Haaland Bill to Break Cycles of Poverty in Native Communities Through Smart Economic Development Awaiting President’s Signature

September 22, 2020
Press Release

Washington, D.C. – Monday afternoon, a bill introduced by Congresswoman Deb Haaland (D-NM) to break cycles of poverty in Indian Country passed by a voice vote on the House Floor. The bill received bipartisan support from Congressional Native American Caucus Co-Chair Tom Cole (R-OK), Representatives Norma Torres (D-CA), and Don Young (R-AK). The Senate companion to Haaland’s Native American Business Incubators Program Act led by U.S. Senator Tom Udall now moves to the White House for final signature.

If signed into law, the Native American Business Incubators Program Act would increase access to capital for business investment and growth through three-year grants with ties to tribal communities, education institutions, and other organizations to expand assistance to a broad range of business sectors and incubation methods.

Full text of the bill here.

“Native Americans' entrepreneurial spirit can break cycles of poverty, but for far too long, key economic resources have not been available to Native businesses. When I was running my salsa company, I could only imagine how much easier it would have been if I had access to business incubation support. In the midst of a global pandemic and economic recession, Tribal communities need our help now more than ever. The Native American Business Incubators Program Act will ensure that future business owners in Indian Country can grow their enterprises and build strong vibrant economies. It’s an incredible honor to send this bill to the President’s desk alongside Representatives Cole, Torres, and Young and Senator Tom Udall,” said Congresswoman Deb Haaland, Co-Chair of the Native American Caucus.

“In order to break the cycle of poverty in Indian Country, the Native American Business Incubators Program Act will incentivize business by increasing access to capital. Not only will this bill help to boost tribal economies, it will open more opportunities for tribal communities, education institutions and other organizations. I am proud to see this important legislation pass to promote more tribal business” said Congressman Tom Cole, Co-Chair of the Congressional Native American Caucus.

“The story of American success and the climb into the middle class almost always begins with a small business,” said Congresswoman Norma Torres. “Native communities face distinct and unique economic hardships, and they are only made worse by this global pandemic. The Native American Business Incubators Program brings much needed resources into these communities, so they can chart their own course to economic success.”

"I have seen first-hand the great entrepreneurial spirit and grit in our Alaska Native communities," said Congressman Don Young. "Our Native villages and Native American communities across the country deserve access to the resources necessary to make their dreams of business ownership come true. The COVID-19 pandemic means that now, more than ever, resources are needed to assist our Native entrepreneurs. I am proud to support the Native American Business Incubators Program Act to help ensure that we can break the cycle of poverty in our Alaska Native communities, and empower our neighbors to pursue their goals grow their enterprises. As a Member of the Subcommittee for Indigenous Peoples of The United States and Vice-Chair of the Native American Caucus, I will continue fighting to ensure that all small businesses in our country can thrive."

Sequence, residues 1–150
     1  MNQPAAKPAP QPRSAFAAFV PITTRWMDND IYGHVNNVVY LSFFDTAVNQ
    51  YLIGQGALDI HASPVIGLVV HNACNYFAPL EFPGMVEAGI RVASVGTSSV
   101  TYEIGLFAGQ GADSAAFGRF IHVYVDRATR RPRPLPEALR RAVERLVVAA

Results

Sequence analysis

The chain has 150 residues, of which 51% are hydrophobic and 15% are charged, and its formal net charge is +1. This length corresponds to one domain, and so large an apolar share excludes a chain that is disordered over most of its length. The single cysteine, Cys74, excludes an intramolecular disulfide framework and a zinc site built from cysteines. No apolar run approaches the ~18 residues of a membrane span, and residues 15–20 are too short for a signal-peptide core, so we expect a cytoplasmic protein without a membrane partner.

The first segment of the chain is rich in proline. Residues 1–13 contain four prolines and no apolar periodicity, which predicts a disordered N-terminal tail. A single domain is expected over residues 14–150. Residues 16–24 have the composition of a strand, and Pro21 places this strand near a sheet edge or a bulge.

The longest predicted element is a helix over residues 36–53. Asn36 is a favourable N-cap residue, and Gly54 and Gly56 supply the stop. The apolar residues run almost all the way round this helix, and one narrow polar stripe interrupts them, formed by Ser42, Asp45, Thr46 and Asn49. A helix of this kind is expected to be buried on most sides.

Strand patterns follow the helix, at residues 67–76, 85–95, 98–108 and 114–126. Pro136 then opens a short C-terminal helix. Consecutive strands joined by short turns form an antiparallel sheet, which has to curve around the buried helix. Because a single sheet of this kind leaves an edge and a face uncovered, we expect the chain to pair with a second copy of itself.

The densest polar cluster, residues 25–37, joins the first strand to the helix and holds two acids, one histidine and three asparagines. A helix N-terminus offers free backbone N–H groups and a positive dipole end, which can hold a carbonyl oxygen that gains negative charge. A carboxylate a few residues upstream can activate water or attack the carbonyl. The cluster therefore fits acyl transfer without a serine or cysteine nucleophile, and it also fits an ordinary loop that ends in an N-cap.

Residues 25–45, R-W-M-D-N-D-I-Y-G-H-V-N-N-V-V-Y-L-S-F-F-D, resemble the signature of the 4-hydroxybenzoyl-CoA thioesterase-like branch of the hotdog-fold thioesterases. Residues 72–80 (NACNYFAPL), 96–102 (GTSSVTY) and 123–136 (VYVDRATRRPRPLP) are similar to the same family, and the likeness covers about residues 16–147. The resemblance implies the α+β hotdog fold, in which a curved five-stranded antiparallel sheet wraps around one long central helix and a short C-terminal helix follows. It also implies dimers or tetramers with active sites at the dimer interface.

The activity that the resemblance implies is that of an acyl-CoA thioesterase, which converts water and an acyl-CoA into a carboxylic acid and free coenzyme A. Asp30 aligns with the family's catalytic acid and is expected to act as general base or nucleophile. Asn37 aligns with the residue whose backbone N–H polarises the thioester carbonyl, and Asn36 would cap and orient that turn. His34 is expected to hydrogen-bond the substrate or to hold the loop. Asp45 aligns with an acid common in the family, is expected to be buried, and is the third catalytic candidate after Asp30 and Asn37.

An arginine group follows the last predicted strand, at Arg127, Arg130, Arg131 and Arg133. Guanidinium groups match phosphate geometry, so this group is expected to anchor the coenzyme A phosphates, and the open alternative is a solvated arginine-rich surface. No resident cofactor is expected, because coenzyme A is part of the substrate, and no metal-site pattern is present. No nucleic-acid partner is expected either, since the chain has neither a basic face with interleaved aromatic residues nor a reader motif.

Vice Chair of the Senate Committee on Indian Affairs Tom Udall led the Senate companion bill to the Native American Business Incubators Program Act, which passed the House Monday.

“Small businesses are the cornerstone of strong economies and communities, but hardworking Native American entrepreneurs often run into difficulties getting their businesses off the ground,” said Senator Tom Udall, Vice Chair of the Senate Indian Affairs Committee. “I introduced this legislation to help Native American business owners navigate through red tape, gain access to start-up capital, and set their business up for success. And, as Indian Country faces new financial hurdles due to the Trump administration’s mishandling of the coronavirus pandemic, economic investments and support for Native small businesses are needed now more than ever. I’m proud to partner with Congresswoman Haaland on this bill to provide important resources to help businesses in Indian Country build foundations for success and continue powering their communities forward.”

Poverty and unemployment rates in tribal communities are nearly triple the national average. Federal programs designed to support the social and economic well-being of Native Americans remain chronically underfunded and sometimes inefficiently structured, which leaves many basic needs in the Native American community unmet and contributes to the inequities observed in Native American communities.

This bill requires the Department of the Interior to establish a grant program in the Office of Indian Energy and Economic Development for establishing and operating business incubators that serve Native American communities.